Strictures at the biliary-enteric anastomosis occurred following hepaticojejunostomy in 26 patients, choledochojejunostomy in 5 patients, or choledochoduodenostomy in 3 patients.. The mean time to stricture formation after surgical repair was 2.3 years (range 0–15.3 years). Mean total serum bilirubin level at time of admission was 3.9 mg/dL (range 0.8–13.5 mg/dL; normal range 0.3–1.2 mg/dL). Symptoms at admission included jaundice, chills, fever, abdominal pain, pruritus, weight loss and rigors. The average follow-up period for the study population was 13.1 years (median 11.8 years, range 1.9–17.4 years).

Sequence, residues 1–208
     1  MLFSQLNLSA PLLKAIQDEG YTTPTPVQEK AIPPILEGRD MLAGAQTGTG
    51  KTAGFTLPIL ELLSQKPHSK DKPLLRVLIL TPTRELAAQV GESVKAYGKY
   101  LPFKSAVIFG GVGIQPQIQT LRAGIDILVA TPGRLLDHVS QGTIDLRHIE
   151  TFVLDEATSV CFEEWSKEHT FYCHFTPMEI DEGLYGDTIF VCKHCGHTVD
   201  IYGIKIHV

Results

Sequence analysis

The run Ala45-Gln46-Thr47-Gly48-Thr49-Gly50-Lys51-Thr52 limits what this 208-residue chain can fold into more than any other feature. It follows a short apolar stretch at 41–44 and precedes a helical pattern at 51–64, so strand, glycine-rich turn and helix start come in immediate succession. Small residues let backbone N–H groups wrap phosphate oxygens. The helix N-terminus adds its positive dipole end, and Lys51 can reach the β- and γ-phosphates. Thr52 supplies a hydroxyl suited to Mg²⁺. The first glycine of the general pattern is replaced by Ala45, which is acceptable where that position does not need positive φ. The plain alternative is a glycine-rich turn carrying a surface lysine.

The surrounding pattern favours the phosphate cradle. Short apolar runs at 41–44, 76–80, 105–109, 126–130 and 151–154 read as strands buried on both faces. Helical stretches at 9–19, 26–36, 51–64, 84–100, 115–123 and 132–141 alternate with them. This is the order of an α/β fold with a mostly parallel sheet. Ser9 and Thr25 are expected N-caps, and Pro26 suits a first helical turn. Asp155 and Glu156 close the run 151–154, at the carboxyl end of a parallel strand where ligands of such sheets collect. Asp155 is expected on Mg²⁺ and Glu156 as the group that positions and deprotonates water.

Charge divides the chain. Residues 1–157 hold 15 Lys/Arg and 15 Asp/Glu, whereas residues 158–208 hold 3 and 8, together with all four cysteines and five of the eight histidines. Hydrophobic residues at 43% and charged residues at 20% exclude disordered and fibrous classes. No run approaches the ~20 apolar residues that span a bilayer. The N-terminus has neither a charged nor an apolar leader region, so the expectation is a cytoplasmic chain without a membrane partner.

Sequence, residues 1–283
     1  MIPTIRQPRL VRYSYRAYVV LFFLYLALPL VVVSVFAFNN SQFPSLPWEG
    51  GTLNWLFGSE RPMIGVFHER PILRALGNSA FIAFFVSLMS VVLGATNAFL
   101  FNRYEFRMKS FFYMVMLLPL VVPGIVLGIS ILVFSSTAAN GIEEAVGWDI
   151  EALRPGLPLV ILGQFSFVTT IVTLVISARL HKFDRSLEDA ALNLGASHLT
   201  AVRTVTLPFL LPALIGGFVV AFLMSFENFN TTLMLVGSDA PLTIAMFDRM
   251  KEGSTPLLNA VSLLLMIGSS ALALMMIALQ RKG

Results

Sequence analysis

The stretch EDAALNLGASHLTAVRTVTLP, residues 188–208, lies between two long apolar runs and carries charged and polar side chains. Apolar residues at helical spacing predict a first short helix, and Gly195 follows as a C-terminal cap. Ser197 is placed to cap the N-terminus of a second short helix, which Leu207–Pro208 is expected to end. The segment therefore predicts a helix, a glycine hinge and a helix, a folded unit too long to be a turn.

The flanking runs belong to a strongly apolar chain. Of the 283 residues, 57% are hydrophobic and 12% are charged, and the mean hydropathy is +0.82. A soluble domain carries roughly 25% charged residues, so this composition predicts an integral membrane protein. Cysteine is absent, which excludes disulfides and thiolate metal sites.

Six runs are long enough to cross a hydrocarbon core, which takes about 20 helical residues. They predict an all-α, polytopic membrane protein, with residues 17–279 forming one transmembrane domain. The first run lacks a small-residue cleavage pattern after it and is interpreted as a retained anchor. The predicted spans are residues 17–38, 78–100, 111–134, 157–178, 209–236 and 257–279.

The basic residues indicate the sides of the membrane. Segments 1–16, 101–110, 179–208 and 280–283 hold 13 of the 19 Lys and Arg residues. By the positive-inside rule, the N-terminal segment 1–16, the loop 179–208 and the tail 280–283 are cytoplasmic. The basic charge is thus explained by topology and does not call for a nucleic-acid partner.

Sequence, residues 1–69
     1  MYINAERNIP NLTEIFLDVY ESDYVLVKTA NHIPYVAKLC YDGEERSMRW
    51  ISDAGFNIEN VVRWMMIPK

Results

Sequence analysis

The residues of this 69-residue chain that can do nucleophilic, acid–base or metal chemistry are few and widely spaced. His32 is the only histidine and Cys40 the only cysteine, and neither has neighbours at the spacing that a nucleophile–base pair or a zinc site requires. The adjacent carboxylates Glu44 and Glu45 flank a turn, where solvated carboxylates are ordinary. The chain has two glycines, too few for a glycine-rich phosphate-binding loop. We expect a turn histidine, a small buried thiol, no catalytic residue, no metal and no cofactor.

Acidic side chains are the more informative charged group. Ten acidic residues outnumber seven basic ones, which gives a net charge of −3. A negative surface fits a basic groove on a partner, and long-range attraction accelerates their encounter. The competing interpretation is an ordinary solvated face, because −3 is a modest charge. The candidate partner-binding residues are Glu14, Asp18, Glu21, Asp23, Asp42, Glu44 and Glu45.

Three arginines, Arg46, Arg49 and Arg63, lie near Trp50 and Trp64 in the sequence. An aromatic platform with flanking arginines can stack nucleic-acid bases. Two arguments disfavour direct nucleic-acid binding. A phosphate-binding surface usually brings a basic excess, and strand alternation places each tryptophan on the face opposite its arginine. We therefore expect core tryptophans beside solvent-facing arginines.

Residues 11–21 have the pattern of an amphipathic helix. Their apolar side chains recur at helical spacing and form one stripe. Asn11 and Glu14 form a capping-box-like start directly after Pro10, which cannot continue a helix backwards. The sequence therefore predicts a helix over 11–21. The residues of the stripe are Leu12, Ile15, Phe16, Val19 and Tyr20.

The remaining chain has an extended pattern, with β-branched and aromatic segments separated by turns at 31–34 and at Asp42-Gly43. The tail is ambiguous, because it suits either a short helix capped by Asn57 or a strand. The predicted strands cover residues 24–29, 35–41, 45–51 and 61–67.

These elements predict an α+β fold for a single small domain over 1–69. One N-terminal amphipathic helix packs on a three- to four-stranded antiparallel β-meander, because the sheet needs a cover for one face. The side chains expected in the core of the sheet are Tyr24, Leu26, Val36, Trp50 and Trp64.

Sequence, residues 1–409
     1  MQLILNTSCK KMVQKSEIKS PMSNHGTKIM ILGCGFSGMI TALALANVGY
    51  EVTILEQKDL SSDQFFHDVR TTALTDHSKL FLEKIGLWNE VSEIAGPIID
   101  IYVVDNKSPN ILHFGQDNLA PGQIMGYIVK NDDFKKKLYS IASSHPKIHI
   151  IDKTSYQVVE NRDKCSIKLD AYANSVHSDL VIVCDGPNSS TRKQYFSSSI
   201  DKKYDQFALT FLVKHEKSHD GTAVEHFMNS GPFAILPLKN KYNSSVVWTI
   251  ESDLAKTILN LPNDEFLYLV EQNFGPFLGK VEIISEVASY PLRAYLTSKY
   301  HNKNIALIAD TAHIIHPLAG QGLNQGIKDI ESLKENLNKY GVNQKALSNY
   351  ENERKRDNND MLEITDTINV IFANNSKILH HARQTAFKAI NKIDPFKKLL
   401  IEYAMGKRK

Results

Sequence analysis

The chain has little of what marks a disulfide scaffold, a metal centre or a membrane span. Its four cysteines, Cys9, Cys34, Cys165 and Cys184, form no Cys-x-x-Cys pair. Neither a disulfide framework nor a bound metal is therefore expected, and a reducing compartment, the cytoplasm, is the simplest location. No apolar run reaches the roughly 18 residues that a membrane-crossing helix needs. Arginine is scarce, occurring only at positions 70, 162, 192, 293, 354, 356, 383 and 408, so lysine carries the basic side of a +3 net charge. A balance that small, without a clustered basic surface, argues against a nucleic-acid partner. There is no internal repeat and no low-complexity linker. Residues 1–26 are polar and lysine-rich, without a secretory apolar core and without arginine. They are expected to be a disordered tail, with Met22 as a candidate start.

The primary study objective was to determine the clinical success rate of balloon dilation of biliary-enteric anastomotic strictures following surgical repair of laparoscopic cholecystectomy-related bile duct injuries. Clinical success was defined as resolution of biliary-enteric anastomotic stricture on tube cholangiogram (less than 30% residual narrowing at the biliary-enteric anastomosis when compared to the caliber of the bile duct at the cranial aspect of the anastomosis) associated with normalization of serum bilirubin (if elevated) and elimination of pruritus or other clinical symptoms (if present) allowing removal of the external biliary catheter. Secondary study objectives were to (a) evaluate patency of the anastomoses over time, (b) determine the rates of stricture recurrence following a clinically successful balloon dilation, and (c) analyze morbidity to patients associated with treatment of biliary-enteric anastomotic strictures. Duration of biliary-enteric anastomosis patency was defined as the time between removal of the external biliary catheter till documentation of stricture recurrence on a subsequent cholangiogram, a patient's death, or completion of the data analysis period (July 1, 2012). Clinical signs of stricture recurrence included jaundice, pruritus, abdominal pain, anorexia, nausea or vomiting, elevated serum bilirubin, and evidence of new or worsening intrahepatic biliary ductal dilatation on imaging (performed by contrast-enhanced CT or MRI). Due to the retrospective nature of the analysis, information on morbidity was based on the number of invasive procedures performed in the interventional radiology suite or in the operating room, the number of balloon dilation sessions or surgical operations, time period spent with an indwelling biliary catheter, number of hospitalizations for management of a bile duct-related problem (i.e. cholangitis, hemobilia), and the number and type of complications related to treatment.